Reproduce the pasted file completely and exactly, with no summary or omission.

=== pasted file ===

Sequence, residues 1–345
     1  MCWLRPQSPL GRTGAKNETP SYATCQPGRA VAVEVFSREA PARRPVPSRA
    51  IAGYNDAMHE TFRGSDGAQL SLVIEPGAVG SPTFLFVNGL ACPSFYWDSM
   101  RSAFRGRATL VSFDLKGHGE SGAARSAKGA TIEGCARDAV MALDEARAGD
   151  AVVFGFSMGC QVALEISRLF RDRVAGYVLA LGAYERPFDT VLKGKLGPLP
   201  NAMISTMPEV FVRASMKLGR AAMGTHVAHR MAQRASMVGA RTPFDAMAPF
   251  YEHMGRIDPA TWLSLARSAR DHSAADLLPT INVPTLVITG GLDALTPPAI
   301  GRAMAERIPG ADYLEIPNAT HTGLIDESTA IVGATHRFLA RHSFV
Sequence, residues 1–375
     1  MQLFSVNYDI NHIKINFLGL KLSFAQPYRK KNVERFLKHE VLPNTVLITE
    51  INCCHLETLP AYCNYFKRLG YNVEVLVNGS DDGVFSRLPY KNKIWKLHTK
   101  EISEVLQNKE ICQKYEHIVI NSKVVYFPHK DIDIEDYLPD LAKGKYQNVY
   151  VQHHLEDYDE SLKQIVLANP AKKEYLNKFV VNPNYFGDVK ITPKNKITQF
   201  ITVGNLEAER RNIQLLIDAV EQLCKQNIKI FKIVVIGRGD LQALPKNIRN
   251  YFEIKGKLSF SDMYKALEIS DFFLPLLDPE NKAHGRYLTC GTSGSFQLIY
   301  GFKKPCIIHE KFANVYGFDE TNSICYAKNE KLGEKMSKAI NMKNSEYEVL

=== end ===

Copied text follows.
Sequence, residues 1–345
     1  MCWLRPQSPL GRTGAKNETP SYATCQPGRA VAVEVFSREA PARRPVPSRA
    51  IAGYNDAMHE TFRGSDGAQL SLVIEPGAVG SPTFLFVNGL ACPSFYWDSM
   101  RSAFRGRATL VSFDLKGHGE SGAARSAKGA TIEGCARDAV MALDEARAGD
   151  AVVFGFSMGC QVALEISRLF RDRVAGYVLA LGAYERPFDT VLKGKLGPLP
   201  NAMISTMPEV FVRASMKLGR AAMGTHVAHR MAQRASMVGA RTPFDAMAPF
   251  YEHMGRIDPA TWLSLARSAR DHSAADLLPT INVPTLVITG GLDALTPPAI
   301  GRAMAERIPG ADYLEIPNAT HTGLIDESTA IVGATHRFLA RHSFV
Sequence, residues 1–375
     1  MQLFSVNYDI NHIKINFLGL KLSFAQPYRK KNVERFLKHE VLPNTVLITE
    51  INCCHLETLP AYCNYFKRLG YNVEVLVNGS DDGVFSRLPY KNKIWKLHTK
   101  EISEVLQNKE ICQKYEHIVI NSKVVYFPHK DIDIEDYLPD LAKGKYQNVY
   151  VQHHLEDYDE SLKQIVLANP AKKEYLNKFV VNPNYFGDVK ITPKNKITQF
   201  ITVGNLEAER RNIQLLIDAV EQLCKQNIKI FKIVVIGRGD LQALPKNIRN
   251  YFEIKGKLSF SDMYKALEIS DFFLPLLDPE NKAHGRYLTC GTSGSFQLIY
   301  GFKKPCIIHE KFANVYGFDE TNSICYAKNE KLGEKMSKAI NMKNSEYEVL